Routing questions also arise in situations calling for tubing to take a tight bend, leading machinery designers to weigh the benefits of using fittings instead of tubing to accommodate the turns. Often a complex decision, this can depend on the tubing material too, as using tubing with a high bend radius can allow for more turns, but also might put side-load on fittings.
If tubing is bent too close to the fitting, it could pull the tubing away from the fitting seal, creating the potential for a leak.
Another factor is the tubing diameter tolerance, or how much its outer diameter could vary from one manufacturing run to another. Tubing manufactured to a looser tolerance level could cause fit issues allowing fittings to leak or to blow off of tubing.
Parker tubing and fittings are tested and designed to work together. Parker Parflex tubing holds the tubing to a certain tolerance range, which helps in terms of fitting performance because tubing tolerance is so critical to working well with a push-to-connect fitting.
Customers should reference Parker’s Tubing Compatibility Chart (found in Parker Hannifin catalog 3501E) to be sure they choose the proper tubing for each fitting type.
3. Avoid unnecessary fitting connections
Finally, another problem area is extra fitting connections installed where they don’t belong. Every fitting is a potential leak point, so if the number of connections can be reduced so to can the chance of leaks. Each fitting in a pneumatic circuit also adds a flow restriction, as compressed air is forced to move through another orifice, which can hamper motive power.
One of the more common issues is using multiple fittings in place of one or two, as a way to adapt one fitting or tube type to another. It can happen when the OEM or end-user doesn’t have the proper fitting shape or type on hand to adapt to a certain thread system or port size required by the valve or cylinder. While the adaptation may function, it can also restrict airflow and add the potential for leakage.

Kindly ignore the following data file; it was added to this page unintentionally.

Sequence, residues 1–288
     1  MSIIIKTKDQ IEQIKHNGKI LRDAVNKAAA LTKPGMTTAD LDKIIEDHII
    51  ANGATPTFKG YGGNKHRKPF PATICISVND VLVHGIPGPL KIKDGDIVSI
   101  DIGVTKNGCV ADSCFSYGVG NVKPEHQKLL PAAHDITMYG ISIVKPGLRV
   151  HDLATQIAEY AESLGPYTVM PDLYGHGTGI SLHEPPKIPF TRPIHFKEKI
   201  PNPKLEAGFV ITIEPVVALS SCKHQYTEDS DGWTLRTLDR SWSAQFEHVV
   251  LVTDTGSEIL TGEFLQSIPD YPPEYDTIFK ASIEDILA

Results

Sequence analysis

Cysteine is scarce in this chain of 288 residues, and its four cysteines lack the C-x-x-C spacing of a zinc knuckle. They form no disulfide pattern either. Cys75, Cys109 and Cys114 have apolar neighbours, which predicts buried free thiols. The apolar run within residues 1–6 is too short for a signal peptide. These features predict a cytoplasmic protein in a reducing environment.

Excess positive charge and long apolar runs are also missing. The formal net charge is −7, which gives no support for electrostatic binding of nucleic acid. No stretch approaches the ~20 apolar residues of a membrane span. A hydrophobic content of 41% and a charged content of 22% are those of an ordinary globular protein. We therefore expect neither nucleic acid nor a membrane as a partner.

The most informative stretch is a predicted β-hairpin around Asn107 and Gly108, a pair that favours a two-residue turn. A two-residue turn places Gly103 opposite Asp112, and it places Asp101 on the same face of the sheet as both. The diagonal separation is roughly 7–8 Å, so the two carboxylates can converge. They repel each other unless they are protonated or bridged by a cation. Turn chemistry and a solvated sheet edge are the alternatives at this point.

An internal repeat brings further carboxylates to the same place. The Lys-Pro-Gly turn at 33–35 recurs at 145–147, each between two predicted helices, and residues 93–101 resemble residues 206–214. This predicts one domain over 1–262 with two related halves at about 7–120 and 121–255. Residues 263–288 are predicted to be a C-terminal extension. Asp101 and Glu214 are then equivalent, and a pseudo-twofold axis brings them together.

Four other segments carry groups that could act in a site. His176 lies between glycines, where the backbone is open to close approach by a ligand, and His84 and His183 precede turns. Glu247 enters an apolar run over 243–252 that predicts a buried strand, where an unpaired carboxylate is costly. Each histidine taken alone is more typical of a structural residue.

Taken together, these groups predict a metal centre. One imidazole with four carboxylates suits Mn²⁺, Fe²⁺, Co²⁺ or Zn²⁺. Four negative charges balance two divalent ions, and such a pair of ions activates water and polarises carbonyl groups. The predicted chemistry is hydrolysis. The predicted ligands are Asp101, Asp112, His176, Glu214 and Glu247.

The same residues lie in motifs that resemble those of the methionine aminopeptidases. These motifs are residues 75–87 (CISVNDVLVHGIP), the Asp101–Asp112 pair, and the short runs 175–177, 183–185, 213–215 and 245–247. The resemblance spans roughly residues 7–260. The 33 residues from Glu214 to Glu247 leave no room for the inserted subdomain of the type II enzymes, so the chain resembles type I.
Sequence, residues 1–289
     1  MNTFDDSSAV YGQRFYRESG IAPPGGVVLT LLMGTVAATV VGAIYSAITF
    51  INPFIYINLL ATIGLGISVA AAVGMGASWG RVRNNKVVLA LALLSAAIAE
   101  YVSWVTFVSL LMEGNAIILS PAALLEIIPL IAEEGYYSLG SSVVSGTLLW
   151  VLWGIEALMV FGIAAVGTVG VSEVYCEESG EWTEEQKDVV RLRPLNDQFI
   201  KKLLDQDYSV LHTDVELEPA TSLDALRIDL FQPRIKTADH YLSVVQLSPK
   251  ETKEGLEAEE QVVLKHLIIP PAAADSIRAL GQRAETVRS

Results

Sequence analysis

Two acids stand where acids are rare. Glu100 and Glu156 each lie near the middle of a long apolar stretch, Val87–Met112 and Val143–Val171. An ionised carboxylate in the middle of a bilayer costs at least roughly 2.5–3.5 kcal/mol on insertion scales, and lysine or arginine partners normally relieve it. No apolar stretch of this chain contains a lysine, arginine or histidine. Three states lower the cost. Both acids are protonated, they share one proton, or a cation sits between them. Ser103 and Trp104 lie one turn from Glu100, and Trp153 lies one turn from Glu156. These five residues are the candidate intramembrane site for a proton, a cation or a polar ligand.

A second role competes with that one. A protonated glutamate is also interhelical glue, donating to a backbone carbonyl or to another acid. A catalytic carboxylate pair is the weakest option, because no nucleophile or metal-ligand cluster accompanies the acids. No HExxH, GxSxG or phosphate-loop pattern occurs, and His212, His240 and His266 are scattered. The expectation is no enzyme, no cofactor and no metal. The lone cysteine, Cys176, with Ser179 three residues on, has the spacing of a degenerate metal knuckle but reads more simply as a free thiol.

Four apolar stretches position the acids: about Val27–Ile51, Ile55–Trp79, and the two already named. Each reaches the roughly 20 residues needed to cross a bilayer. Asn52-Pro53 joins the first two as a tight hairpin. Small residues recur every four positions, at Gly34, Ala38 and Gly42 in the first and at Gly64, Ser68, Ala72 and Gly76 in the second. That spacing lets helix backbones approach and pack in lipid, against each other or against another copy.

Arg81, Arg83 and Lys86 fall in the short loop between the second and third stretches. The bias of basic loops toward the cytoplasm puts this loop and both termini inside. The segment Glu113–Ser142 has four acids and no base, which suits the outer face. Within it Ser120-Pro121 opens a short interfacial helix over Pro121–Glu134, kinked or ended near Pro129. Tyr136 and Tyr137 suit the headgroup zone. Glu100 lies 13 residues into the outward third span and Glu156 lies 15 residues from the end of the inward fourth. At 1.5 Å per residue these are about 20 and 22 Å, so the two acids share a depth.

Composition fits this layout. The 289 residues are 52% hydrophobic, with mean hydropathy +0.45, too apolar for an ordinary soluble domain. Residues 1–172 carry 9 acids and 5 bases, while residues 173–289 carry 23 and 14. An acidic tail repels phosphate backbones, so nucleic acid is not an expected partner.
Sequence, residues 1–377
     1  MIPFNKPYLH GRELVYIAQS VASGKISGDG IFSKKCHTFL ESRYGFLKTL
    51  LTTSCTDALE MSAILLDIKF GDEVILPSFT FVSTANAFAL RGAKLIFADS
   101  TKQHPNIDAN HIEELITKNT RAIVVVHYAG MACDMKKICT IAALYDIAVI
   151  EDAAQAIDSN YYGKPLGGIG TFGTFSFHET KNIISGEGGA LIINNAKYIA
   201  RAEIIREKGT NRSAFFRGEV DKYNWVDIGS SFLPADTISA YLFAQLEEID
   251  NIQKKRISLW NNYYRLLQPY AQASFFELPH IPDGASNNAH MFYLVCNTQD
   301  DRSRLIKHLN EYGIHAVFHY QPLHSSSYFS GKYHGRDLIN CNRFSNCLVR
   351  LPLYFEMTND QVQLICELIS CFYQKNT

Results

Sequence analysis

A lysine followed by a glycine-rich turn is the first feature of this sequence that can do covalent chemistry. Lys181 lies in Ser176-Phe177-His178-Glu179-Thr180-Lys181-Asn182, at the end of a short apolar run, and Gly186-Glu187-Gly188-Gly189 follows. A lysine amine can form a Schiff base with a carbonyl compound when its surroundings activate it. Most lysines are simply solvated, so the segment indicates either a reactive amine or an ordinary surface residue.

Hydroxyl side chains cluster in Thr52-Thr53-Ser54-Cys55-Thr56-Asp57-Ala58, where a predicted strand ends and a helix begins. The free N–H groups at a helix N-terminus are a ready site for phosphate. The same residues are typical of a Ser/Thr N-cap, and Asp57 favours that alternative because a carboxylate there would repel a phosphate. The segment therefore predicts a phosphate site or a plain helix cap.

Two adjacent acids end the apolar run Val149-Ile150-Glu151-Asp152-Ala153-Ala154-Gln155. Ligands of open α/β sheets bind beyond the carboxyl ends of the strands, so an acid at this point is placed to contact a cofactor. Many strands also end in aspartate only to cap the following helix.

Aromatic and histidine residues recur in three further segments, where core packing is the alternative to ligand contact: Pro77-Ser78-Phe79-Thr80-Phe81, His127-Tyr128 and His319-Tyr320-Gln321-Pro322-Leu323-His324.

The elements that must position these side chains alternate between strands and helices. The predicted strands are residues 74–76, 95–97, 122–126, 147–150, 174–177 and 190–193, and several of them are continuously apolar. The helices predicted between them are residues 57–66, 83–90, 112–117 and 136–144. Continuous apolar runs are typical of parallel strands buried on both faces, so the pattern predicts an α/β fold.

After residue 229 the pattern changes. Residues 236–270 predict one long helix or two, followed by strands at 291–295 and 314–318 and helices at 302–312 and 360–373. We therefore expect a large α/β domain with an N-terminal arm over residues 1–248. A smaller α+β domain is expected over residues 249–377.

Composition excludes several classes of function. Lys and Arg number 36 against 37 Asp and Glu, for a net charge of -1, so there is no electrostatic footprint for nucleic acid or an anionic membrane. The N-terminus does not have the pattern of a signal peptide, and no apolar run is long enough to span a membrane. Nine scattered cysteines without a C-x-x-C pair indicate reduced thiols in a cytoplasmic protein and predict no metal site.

OEMs can avoid the problem entirely by choosing the appropriate adapter. Parker offers hundreds of tube fittings and adaptors made to join different tube sizes and thread types, such as NPT to BSPT, BSPP or metric. Rather than trying to build a makeshift adapter out of two or three pneumatic fittings, using a single adapter fitting allows technicians or engineers to make the connection in one step, preventing unnecessary flow restrictions and reducing the risk of leakage.
With these suggestions, many connector issues like adapting to different sizes or standards, or accommodating system designs, need not lead to system slowdowns. With the right pneumatic fittings, adaptors and tubing materials, OEMs and end-users will be equipped to keep airlines flowing.
To learn more about specifying these components, locate a distributor near you.
This article was contributed by John Duba and Michael Nick, product sales managers, Parker Hannifin's Fluid System Connectors Division.
Glenn O. Hawbaker, Inc. brings over 60 years of experience to the highway, commercial and residential fields throughout central Pennsylvania. They continue to grow their business by expanding their reputation for safety, quality, service and reliability. That's one of the reasons Glenn O. Hawbaker purchased their first PowerTilt Tilting Coupler and continued to purchase several more for their entire backhoe loader fleet. PowerTilt has changed the way they've approached their grading and excavating business while at the same time positively impacting their bottom line and overall customer satisfaction.Life before PowerTilt
Prior to using PowerTilt, Glenn O. Hawbaker faced two challenges on the job site. Genn O. Hawbaker was using large and expensive Gradall specialty machines to grade and slope and spent extra man-hours to swap these machines in and out of job sites.The large rubber tires on the specialty machines often caused the Gradalls to slide or operators to spin around when a rock was hooked, making for an unstable work environment. With PowerTilt, Hawbaker could keep just one machine on the job site without the expense or logistics involved in scheduling the Gradall excavators between the different job sites.